# How to synchronize clocks in accelerating frame?

1. Feb 21, 2016

I dont understand how synchronization of clocks can be made in an accelerating frame.
lets put a source of light at the center of an accelerating rocket. From it, many pairs of pulses are emitted one at a time in two opposite directions.
Because the source is located at an equidistant from two ends. and because the speed of light is constant, the pulses should reach two observers, at front and back ends of the rocket, at the same time.

At the source and at any time, the distance between the wave fronts of 2 successive waves.
$$\Delta x=c \Delta \tau$$
$$\Delta \tau=\frac{\Delta x}{c}$$
where $$\Delta \tau$$ is the time separation between two waves.
However, because the front observer, will see the rate of ticking is relatively slower (red shifted) and the back observer will observe the rate of ticking is faster (blue shifted),
$$\Delta \tau_F=\frac{\Delta x}{c} \neq \Delta \tau_B=\frac{\Delta x}{c}$$
which implies c must not be constant.
$$\Delta \tau_F$$ and $$\Delta \tau_B$$ are time lapse between the two waves as observed by front and back observer, respectively.

2. Feb 21, 2016

### Orodruin

Staff Emeritus
Who says they can be synchronised?

3. Feb 21, 2016

But signals are reaching them at the same time, so they are synchronized by definition.

4. Feb 21, 2016

### Orodruin

Staff Emeritus
Define "same time".

5. Feb 21, 2016

### PAllen

There is no uniquely preferred simultaneity convention for an non-inertial frame of reference. The only reason there is for inertial frames is that the Einstein convention has many advantages and can be shown to uniquely put important formulas in their simplest form, without using tensors or connections. With accelerated frames, every plausible choice for synchronization gives up one or another property of inertial frame synchronization. Which you like better depends on your purpose, as all have defects.

6. Feb 21, 2016

### Staff: Mentor

The Einstein synchronization convention doesn't work in an accelerating frame. You have to choose another convention.

7. Feb 21, 2016

For the source, the time taken by the signal to reach any end is the distance to that end divided by c.

8. Feb 21, 2016

What if the source sends two pulses to both ends, reflected back from mirrors and then received again at the center. In this way, the frequencies of pulses received from ends are the same, so the observer at the center may conclude that he can be able to synchronize both clocks!!!

9. Feb 21, 2016

### Ibix

Are they the same? I think the pulses will be red or blue shifted either from bouncing off the advancing or retreating mirror, or due to the "gravitational field".

10. Feb 21, 2016

### stevendaryl

Staff Emeritus
It depends on what you mean by synchronizing clocks. What you can do is come up with a time standard throughout an accelerating rocket, but this time standard will not be the time kept by a standard clock. To compute the coordinate time $T$, you have to perform a linear (or more accurately, an affine) transformation on the time showing on a clock. Clocks at the front of the rocket will tend to run fast compared to this coordinate time, and clocks at the rear of the rocket will tend to run slow compared to this coordinate time.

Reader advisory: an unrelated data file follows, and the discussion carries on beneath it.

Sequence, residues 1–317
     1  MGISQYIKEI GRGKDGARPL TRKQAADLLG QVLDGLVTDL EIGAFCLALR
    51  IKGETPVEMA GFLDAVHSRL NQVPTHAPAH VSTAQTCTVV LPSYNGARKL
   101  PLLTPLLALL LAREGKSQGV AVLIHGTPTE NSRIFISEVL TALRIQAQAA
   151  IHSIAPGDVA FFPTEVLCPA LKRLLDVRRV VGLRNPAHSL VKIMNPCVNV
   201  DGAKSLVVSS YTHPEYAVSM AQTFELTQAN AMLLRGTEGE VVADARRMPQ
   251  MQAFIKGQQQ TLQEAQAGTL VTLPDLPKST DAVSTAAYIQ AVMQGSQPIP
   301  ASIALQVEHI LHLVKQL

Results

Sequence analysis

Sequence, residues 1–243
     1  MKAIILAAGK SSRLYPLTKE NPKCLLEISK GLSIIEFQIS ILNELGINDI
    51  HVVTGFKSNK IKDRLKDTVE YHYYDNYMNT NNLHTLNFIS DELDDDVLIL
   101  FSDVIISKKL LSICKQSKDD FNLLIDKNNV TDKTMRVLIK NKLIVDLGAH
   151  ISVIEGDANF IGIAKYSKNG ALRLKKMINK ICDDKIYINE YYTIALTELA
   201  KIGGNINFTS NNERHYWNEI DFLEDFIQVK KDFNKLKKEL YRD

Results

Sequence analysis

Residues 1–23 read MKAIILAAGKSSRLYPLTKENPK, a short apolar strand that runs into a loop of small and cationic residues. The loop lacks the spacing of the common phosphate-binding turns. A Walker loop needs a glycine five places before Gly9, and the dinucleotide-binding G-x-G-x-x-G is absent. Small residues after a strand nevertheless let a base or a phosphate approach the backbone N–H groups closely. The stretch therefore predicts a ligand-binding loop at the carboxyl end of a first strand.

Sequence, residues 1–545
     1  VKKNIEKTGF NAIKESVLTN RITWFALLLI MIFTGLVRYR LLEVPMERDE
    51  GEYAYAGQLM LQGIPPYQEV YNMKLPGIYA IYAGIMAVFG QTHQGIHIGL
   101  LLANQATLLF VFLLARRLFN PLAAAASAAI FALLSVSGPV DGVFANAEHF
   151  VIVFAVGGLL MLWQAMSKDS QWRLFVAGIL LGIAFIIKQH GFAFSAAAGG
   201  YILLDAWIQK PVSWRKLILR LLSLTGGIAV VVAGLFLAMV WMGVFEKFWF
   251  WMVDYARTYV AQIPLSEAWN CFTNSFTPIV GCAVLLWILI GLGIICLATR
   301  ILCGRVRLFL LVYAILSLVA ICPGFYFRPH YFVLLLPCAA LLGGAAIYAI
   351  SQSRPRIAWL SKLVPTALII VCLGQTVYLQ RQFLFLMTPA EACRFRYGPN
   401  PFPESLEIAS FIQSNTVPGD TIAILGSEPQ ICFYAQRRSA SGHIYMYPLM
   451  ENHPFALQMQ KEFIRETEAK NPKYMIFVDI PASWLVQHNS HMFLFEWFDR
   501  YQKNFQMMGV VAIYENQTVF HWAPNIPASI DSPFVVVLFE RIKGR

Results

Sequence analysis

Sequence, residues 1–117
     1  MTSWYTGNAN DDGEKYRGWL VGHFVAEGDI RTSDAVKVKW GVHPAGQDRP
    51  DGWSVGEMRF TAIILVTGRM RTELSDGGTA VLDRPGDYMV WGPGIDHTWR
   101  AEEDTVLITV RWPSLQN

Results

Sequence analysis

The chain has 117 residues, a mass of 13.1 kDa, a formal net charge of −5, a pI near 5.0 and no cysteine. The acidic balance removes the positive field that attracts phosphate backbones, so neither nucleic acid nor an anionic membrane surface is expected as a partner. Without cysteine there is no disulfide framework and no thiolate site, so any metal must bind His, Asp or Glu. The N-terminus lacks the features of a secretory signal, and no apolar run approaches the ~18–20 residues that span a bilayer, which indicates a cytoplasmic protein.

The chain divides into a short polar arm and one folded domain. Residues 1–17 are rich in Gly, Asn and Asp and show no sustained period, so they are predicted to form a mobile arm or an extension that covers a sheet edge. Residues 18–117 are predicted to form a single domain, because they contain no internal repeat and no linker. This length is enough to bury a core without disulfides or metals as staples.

11. Feb 21, 2016

The amount of the red shift is compensated by the amount of blue shift after reflection and vice versa.

12. Feb 21, 2016

### A.T.

What do you mean by "synchronize clocks", for clocks that run at different rates? You can start them simultaneously according to some frame, but in any frame their times will start to drift apart immediately after that.

13. Feb 21, 2016

### pervect

Staff Emeritus
The coordinate speed of light is constant in any inertial frame of reference, but it is not constant in an accelerated frame of reference. So if one takes "speed" to mean distance/time in some particular coordinate system, the "speed" of light defined in this manner just isn't constant in the coordinate system of an accelerated frame.

If you consider two clocks at different heights in your accelerated frame (say SI standard clocks, based on cesium transitions),when you compare them they won't even run at the same rate. This can be described informally as being due to "gravitational frequency shift", and is an effect that is noticable in atomic clocks on Earth. It's rather hard to come up with a meaningful notion of "synchronizing" clocks that run at different rates, though there is a notion of how to define a coordinate time standard on the Earth - or in an accelerated frame. The "standard" isn't necessarily the only way to define coordinate time, but it's the one most commonly used. If one wants to define a non-standard coordinate time this isn't wrong in principle, but it will require detailed explanations of how the non-standard coordinates are defined and used.

The usual coordinate time for an accelerated frame is called "Rindler coordinates". But I'm not going to try to get into the details of how they work in this post.

14. Feb 22, 2016